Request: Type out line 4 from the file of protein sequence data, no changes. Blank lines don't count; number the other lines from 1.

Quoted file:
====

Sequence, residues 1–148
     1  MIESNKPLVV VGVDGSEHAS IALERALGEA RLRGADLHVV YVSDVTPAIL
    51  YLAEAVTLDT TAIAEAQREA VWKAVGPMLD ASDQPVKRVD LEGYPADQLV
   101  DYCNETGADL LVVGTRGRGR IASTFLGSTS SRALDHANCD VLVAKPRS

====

   101  DYCNETGADL LVVGTRGRGR IASTFLGSTS SRALDHANCD VLVAKPRS